The early translocation of anthrax lethal factor by atomically detailed simulations and Milestoning theory

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Date

2021-08-06

Authors

Ma, Piao, Ph. D.

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The pathogenesis of the anthrax toxin requires the translocation of the lethal factor (LF) or the edema factor (EF) from the endosome to the cytosol though the anthrax channel. The channel is formed by protective antigen (PA) proteins. In this dissertation, we are interested in the translocation of LF through the anthrax channel. The unstructured N-terminal segment (LFN) of LF consists of 30 residues and is leading the translocation event. A critical barrier for the translocation across the channel is the ϕ clamp which consists of seven phenylalanine (F) residues in a ring. It is the narrowest part of the channel and is considered the dividing line between the endosome and the cytosol solutions.

We use atomically detailed simulations to study the translocation process. The solvated system (the channel and LF) contains about 680,000 atoms. Therefore, the computational costs of straightforward molecular dynamics simulations are significant. To facilitate the atomically detailed calculations we use the method of Milestoning. Milestoning simulate the overall process using short trajectories between interfaces called milestones. The information from the short trajectories, which are computed efficiently, is used to build a stochastic model for the entire process.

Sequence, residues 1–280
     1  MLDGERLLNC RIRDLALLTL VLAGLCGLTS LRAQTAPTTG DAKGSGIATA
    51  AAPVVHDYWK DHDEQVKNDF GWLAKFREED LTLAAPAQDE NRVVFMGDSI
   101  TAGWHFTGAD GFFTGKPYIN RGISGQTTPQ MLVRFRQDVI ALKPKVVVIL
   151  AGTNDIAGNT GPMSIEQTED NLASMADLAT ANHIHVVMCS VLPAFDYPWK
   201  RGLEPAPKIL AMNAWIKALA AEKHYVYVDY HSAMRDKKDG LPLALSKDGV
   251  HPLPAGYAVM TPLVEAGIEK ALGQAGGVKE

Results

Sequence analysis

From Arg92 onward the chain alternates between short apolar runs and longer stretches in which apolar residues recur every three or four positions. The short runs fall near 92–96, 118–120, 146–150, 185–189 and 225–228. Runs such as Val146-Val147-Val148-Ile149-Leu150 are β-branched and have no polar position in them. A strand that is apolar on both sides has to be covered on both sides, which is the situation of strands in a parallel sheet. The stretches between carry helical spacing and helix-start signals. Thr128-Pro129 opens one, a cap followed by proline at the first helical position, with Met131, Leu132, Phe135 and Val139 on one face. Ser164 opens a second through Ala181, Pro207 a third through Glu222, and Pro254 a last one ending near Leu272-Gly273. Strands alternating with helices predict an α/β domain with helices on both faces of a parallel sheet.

LFN modifies its protonation state depending on the pH. Positively charged LFN permeates more easily through the ϕ clamp compared to a less charged LFN. This preference is explained by the high concentration of negatively charged residues at the inner side of the anthrax channel. The electrostatic interactions provide the driving force for the permeation of LFN. In vivo systems, the positively charged state is supported by the low pH in the endosome. Once LFN passes the ϕ clamp, the N-terminal peptide chain is fully stretched and exerts a force on the rest of the protein. It assists the unfolding of the rest of the protein in preparation for a complete translocation. Mutations of the F427 residues at the ϕ clamp impact the translocation.

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